Iowa U.S. Sen. Joni Ernst made a stop in Webster City at All Cultures Equal on Saturday as a part of her 99 Counties Tour.
Ernst toured the center and then sat down with ACE staff and board members to hear an overview of the programs the non-profit offers and their future efforts to help people from more than 30 countries in North Central Iowa connect, communicate and live healthy, productive lives.
ACE offers English/Spanish classes, citizenship instruction, computer instruction, immigration help, translation, citizenship instruction and interpretation services. In addition, the center hosts a Language Lunch every Wednesday where foreign speakers can practice their English or Spanish.
ACE and Ashbury Methodist Church offers a Food Pantry on the second and fourth Thursday of each month at the center in west Webster City. The pantry provides canned goods, fresh fruit and vegetables, cleaning, household and personal hygiene items to approximately 150 individuals in 50 families. HyVee provides bread products to ACE for distribution each week.
ACE director Kathy Vaughn and board member John Boughton conducted the tour through the facility, showing Ernst the community kitchen which will soon be a licensed commercial facility that will be available to groups or individuals for rental as a one-night restaurant, catered event venue or a location for baking classes or fund-raisers.
It was a listening tour for Iowa’s junior senator to hear about the programs and events offered at ACE.
During the roundtable discussion, Vaughn spoke of the need for childcare in the area. Ernst told the group that throughout Iowa, the availability of licensed day care is needed. Ernst is partnering with Sen. Amy Klobuchar (D-MN) to advance a bill which will help develop child care opportunities in Iowa.
“Iowa is considered a child care desert,” said Ernst, who noted that for every three children needing child care, there is only one vacancy at a licensed facility.
Asbury Methodist Church pastor. The Rev. Jeff Flagg spoke of the cultural blending which ACE provides. Laotians and Hispanics are the predominant ethnic groups served at ACE, but over 30 other nationalities are represented, he said. Sometimes differences come down to the simple question of diet and a preference of red versus black beans.
But rice is a staple for all nationalities, noted ACE staff member Chien Maikhio. Every month, Maikhio orders 60 pounds of rice for the center. She recently observed that shortages are beginning to be felt in the rice supply due to Covid19.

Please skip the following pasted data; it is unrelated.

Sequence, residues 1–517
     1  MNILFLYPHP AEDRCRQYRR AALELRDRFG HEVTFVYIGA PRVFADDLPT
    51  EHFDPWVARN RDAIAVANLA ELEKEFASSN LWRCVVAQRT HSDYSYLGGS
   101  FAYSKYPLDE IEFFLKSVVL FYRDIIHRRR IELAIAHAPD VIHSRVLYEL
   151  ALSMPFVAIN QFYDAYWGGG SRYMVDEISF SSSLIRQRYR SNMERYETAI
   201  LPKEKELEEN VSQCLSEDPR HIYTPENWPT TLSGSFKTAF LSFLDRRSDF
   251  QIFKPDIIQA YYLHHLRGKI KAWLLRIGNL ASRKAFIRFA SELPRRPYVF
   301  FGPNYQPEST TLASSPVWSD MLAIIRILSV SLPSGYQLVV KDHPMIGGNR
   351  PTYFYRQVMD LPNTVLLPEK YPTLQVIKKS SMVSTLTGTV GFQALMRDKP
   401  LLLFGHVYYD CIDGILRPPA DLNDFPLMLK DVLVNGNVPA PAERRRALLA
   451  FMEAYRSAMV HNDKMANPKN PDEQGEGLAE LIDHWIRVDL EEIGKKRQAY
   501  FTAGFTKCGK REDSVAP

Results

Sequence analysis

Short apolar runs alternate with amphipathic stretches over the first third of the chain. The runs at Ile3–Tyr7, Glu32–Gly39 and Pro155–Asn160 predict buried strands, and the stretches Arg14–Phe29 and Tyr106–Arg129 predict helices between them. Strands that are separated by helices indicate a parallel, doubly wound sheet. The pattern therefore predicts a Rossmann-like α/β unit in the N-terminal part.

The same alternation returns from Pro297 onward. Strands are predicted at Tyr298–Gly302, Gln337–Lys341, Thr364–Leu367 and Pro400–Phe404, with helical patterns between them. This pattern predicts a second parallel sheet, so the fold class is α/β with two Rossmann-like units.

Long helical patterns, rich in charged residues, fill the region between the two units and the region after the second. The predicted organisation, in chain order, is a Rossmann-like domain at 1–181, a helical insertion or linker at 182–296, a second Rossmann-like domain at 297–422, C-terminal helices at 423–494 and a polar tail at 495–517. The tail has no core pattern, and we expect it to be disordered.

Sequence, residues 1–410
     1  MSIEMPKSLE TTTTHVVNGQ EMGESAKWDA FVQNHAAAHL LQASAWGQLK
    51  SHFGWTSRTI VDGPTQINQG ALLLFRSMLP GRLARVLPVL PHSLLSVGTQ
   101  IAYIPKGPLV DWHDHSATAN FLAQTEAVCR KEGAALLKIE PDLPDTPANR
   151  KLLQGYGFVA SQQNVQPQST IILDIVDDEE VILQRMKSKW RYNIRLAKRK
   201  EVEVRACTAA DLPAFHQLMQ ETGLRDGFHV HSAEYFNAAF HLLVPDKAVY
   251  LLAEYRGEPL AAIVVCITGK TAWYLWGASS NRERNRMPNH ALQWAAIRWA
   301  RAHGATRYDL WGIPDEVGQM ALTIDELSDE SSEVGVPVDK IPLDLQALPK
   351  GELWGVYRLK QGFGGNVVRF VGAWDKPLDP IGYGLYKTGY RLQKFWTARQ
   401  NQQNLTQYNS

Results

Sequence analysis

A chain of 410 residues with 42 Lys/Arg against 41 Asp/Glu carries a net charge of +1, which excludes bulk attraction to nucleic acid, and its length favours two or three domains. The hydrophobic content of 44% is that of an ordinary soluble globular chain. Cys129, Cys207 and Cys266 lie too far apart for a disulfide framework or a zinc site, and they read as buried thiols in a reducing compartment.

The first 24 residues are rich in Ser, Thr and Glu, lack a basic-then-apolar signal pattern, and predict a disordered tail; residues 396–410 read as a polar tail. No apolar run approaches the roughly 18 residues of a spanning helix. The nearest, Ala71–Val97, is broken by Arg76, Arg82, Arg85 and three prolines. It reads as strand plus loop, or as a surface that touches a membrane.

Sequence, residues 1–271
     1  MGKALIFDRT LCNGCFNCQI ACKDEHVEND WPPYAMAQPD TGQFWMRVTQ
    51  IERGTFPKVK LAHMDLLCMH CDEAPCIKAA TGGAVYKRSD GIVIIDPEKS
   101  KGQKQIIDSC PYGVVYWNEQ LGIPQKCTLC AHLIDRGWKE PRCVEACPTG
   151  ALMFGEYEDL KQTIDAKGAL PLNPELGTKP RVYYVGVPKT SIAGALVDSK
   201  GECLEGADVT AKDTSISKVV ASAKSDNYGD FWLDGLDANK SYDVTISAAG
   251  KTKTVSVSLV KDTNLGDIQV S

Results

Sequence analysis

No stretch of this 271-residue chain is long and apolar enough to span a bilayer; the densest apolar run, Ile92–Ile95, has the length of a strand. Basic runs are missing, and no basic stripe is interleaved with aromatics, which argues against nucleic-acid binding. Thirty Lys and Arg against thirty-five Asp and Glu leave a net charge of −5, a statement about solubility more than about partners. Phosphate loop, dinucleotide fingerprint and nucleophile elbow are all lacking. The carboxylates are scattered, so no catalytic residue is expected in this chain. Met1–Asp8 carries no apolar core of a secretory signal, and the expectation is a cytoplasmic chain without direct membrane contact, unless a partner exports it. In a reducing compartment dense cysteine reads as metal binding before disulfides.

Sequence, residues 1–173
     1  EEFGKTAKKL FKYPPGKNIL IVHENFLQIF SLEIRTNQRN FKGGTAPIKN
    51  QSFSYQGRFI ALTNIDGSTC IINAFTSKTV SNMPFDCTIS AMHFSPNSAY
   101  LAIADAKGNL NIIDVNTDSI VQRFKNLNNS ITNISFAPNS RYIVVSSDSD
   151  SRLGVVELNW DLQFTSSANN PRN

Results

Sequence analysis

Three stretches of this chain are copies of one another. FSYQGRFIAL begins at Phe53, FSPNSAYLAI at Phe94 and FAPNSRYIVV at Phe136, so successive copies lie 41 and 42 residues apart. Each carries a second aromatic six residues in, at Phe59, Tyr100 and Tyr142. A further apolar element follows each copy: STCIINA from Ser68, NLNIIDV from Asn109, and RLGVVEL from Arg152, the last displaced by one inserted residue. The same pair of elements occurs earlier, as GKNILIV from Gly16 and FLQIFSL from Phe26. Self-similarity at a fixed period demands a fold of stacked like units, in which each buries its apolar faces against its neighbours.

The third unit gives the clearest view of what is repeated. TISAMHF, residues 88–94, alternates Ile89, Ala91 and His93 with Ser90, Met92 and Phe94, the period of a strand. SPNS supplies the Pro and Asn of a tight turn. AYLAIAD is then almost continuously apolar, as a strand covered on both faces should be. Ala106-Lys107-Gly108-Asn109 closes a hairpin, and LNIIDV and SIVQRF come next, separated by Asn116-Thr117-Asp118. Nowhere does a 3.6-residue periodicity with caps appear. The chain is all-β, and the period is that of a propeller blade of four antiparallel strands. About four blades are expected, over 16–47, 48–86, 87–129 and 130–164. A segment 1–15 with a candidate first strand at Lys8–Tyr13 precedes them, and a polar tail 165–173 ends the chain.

While the group noted its concern about the Coronavirus, they agree that following common sense measures such as washing hands often, not touching the face, covering a cough or sneeze and avoiding hand contact with others are the best forms of prevention.
Boughton cautioned against public hysteria in the wake of the nine deaths reported in the United States due to the Coronavirus because in comparison, last year over 19,000 people died from Influenza A.
“The flu takes thousands of lives annually so with Covid19, we need to take common sense precautions to thwart its spread,” said Ernst.
In addressing the high unemployment rate and the limited labor pool in the area, John Boughton told Ernst that area businesses have raised wages in order to attract and keep workers. He also applauded the US Senate’s EB3 visa legislation which permitted the entry of certified foreign medical staff into the United States.
“That has been a big boon for elder care,” said Boughton.
The group praised Hamilton County Supervisor Doug Bailey who worked to promote ACE’s creation and generous donors such as Dean Bowden, retired owner of Webster City Custom Meats and ACE board member, who have kept the organization running.
As the years roll by, the mission of ACE has changed.
“It seems like who we are and what we do is constantly evolving,” Flagg told Ernst.
Initially, ACE helped immigrants acclimate to the United States, but now it has refocused and is working with the second and third generation of children, said Kathy Vaughn. ACE offers a gardening program for youth and will offer classes this year in woodworking, butterfly observation, bee keeping, wildlife management, drone operation, cooking and pompom dance instruction.
“You really have developed a supportive environment,” Ernst applauded the board.
“We believe in a diversity of culture because it is our future,” responded Boughton.
“In the past, we have been seen as a place where immigrants get free stuff,” said Vaughn. “But in reality, we are a place where we connect people.”
At the conclusion of the roundtable, Ernst provided the center with her office contact information to help assist ACE in immigration, green card and citizenship efforts. If ACE does plan to develop a child care program, Ernst’s office can provide grant and funding information as well as steer them toward planning sources.
Before heading to the next stop on her schedule, Ernst addressed three issues that are on the minds of Iowans as she crosses the state.
“Child care, health care and bringing down the cost of prescription drugs – these are all issues that are important to Iowans,” said the senator.
While Iowans follow economic and ag issues, child care is a very big issue, especially in rural parts of the state, said Ernst. State economists estimate that over 40 percent of the qualified workers have left rural Iowa for urban centers due to the absence of reliable day care.
In addition to partnering with Klobuchar on her child care bill, Ernst is working with Sen. Jackie Rosen (D-NV) on a bill which would allow non-profit organizations to qualify for loans from the Small Business Administration.
View this article as it originally appeared in the Daily Freeman-Journal.